Skip to: Content
Skip to: Site Navigation
Skip to: Search


Energy Voices: Insights on the future of fuel and power

Pirates continue disruption of Niger Delta oil trade

Pirates generally target ships in order to steal the goods being transported, and oil trade around the Niger Delta is being affected as pirate activity grows, according to OilPrice.com. 

By James BurgessGuest blogger / October 20, 2012

This February 2010 file photo shows a crew of U.S. sailors and Nigerian special forces fighters prepares to board the NNS Burutu for a training exercise off the Nigerian coast. Most of the gangs operating around the Niger Delta have formed from the remains of the militant groups that plagued the area until an amnesty was agreed in 2009, according to OilPrice.com.

Jon Gambrell/AP/File

Enlarge

The Niger Delta is the heart of Africa’s oil industry, yet the Gulf of Guinea, the area in which the delta is situated, is a hot spot for piracy. Only in the waters off Somalia are pirate attacks more common.

Skip to next paragraph

offers extensive coverage of all energy sectors from crude oil and natural gas to solar energy and environmental issues. To see more opinion pieces and news analysis that cover energy technology, finance and trading, geopolitics, and sector news, please visit Oilprice.com.

Recent posts

Pirates generally target ships in order to steal the goods being transported, and oil trade in the region is being affected as pirate activity grows. (Related Article: Is a Larger Middle East War Inevitable?)

On Monday the French shipping company Bourbon, which supplies vessels to the offshore oil industry in the Niger Delta, announced that one of its ships had been taken by pirates and that seven people kidnapped; six Russians and an Estonian. Luckily the other nine crew members had managed to make their way to the safety of the Nigerian port of Onne. (Related Article: Piracy: Skulls, Cross-Bones and Letterhead

Back in August pirates attacked a Greek oil tanker off the coast of Togo. They released the tanker and crew of 20 just a few days later, having unloaded 3,000 tonnes of fuel.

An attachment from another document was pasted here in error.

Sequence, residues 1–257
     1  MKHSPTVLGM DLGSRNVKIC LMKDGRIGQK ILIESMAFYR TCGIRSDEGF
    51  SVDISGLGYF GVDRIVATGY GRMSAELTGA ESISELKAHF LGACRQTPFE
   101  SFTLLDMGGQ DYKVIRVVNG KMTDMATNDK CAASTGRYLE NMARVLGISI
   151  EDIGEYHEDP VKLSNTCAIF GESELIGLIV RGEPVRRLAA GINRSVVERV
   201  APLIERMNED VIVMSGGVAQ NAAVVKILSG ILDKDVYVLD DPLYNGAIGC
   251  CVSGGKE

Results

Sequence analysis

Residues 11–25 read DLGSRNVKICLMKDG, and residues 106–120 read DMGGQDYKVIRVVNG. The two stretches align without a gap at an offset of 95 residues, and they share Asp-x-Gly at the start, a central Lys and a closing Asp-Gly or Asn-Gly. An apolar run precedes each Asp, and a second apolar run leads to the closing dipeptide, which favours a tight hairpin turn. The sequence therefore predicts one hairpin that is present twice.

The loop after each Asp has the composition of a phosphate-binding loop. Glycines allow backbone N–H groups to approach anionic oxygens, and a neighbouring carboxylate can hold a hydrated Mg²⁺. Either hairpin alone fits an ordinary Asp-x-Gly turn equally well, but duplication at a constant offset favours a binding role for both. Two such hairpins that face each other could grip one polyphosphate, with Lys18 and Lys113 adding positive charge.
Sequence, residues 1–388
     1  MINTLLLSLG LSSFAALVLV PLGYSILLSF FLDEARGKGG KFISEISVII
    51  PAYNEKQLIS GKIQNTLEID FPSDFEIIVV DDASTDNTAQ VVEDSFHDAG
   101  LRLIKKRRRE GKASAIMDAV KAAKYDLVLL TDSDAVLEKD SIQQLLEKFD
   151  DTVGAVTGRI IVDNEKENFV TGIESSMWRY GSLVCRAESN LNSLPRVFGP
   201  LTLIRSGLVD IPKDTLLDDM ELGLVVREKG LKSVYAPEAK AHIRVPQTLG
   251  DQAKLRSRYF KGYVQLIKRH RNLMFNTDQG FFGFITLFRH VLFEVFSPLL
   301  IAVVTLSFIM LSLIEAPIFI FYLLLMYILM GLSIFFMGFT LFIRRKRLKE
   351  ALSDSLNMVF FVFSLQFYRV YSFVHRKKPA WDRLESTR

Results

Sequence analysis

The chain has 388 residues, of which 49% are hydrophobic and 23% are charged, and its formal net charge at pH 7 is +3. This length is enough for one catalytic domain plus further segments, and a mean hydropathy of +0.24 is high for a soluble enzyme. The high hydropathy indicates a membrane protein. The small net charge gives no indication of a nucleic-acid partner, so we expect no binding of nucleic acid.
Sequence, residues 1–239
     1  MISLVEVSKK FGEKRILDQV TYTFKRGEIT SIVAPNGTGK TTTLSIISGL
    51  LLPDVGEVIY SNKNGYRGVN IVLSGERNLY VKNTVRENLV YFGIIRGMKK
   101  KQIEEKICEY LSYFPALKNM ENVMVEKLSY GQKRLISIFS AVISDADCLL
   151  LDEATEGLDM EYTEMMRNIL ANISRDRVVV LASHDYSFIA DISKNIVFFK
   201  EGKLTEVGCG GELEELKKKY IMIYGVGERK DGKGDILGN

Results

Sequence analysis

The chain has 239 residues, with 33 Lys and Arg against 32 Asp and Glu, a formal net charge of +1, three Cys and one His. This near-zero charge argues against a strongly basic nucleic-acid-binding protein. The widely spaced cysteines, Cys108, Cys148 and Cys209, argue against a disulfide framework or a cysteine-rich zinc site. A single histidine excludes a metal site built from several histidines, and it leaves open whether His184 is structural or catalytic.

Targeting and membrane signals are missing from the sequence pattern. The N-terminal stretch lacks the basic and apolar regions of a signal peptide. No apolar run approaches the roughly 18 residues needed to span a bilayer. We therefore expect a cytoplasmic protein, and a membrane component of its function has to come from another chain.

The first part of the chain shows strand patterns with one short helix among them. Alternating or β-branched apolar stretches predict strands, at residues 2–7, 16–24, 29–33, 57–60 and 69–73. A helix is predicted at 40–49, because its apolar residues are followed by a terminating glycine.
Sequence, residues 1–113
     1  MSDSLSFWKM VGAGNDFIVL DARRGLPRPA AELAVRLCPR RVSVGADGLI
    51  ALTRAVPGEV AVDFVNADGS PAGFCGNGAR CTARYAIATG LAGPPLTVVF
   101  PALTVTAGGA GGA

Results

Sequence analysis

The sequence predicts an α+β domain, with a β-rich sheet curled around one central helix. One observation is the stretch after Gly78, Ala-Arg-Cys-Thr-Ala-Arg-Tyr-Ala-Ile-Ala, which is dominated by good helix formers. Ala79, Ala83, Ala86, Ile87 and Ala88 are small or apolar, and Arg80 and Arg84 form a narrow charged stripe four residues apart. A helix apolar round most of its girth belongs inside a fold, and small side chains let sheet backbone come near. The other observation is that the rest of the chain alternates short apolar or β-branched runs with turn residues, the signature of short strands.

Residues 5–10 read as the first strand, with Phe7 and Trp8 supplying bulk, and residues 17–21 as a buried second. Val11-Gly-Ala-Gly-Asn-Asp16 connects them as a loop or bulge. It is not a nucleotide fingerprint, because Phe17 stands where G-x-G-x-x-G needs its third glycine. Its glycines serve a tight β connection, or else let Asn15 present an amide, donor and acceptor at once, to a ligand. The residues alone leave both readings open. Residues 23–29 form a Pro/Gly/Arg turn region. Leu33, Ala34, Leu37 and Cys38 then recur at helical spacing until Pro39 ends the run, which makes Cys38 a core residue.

Then just earlier this month pirates released another gasoline tanker that they had commandeered near to the Ivory Coast.

Most of the gangs operating around the Niger Delta have formed from the remains of the militant groups that plagued the area until an amnesty was agreed in 2009.

Source: http://oilprice.com/Latest-Energy-News/World-News/Pirates-Commandeer-Another-Oil-Tanker-Near-the-Niger-Delta.html

The Christian Science Monitor has assembled a diverse group of the best energy bloggers out there. Our guest bloggers are not employed or directed by the Monitor and the views expressed are the bloggers' own, as is responsibility for the content of their blogs. To contact us about a blogger, click here. To add or view a comment on a guest blog, please go to the blogger's own site by clicking on the link in the blog description box above.

  • Weekly review of global news and ideas
  • Balanced, insightful and trustworthy
  • Subscribe in print or digital

Special Offer

 

Doing Good

 

What happens when ordinary people decide to pay it forward? Extraordinary change...

Danny Bent poses at the starting line of the Boston Marathon in Hopkinton, Mass.

After the Boston Marathon bombings, Danny Bent took on a cross-country challenge

The athlete-adventurer co-founded a relay run called One Run for Boston that started in Los Angeles and ended at the marathon finish line to raise funds for victims.

 
 
Become a fan! Follow us! Google+ YouTube See our feeds!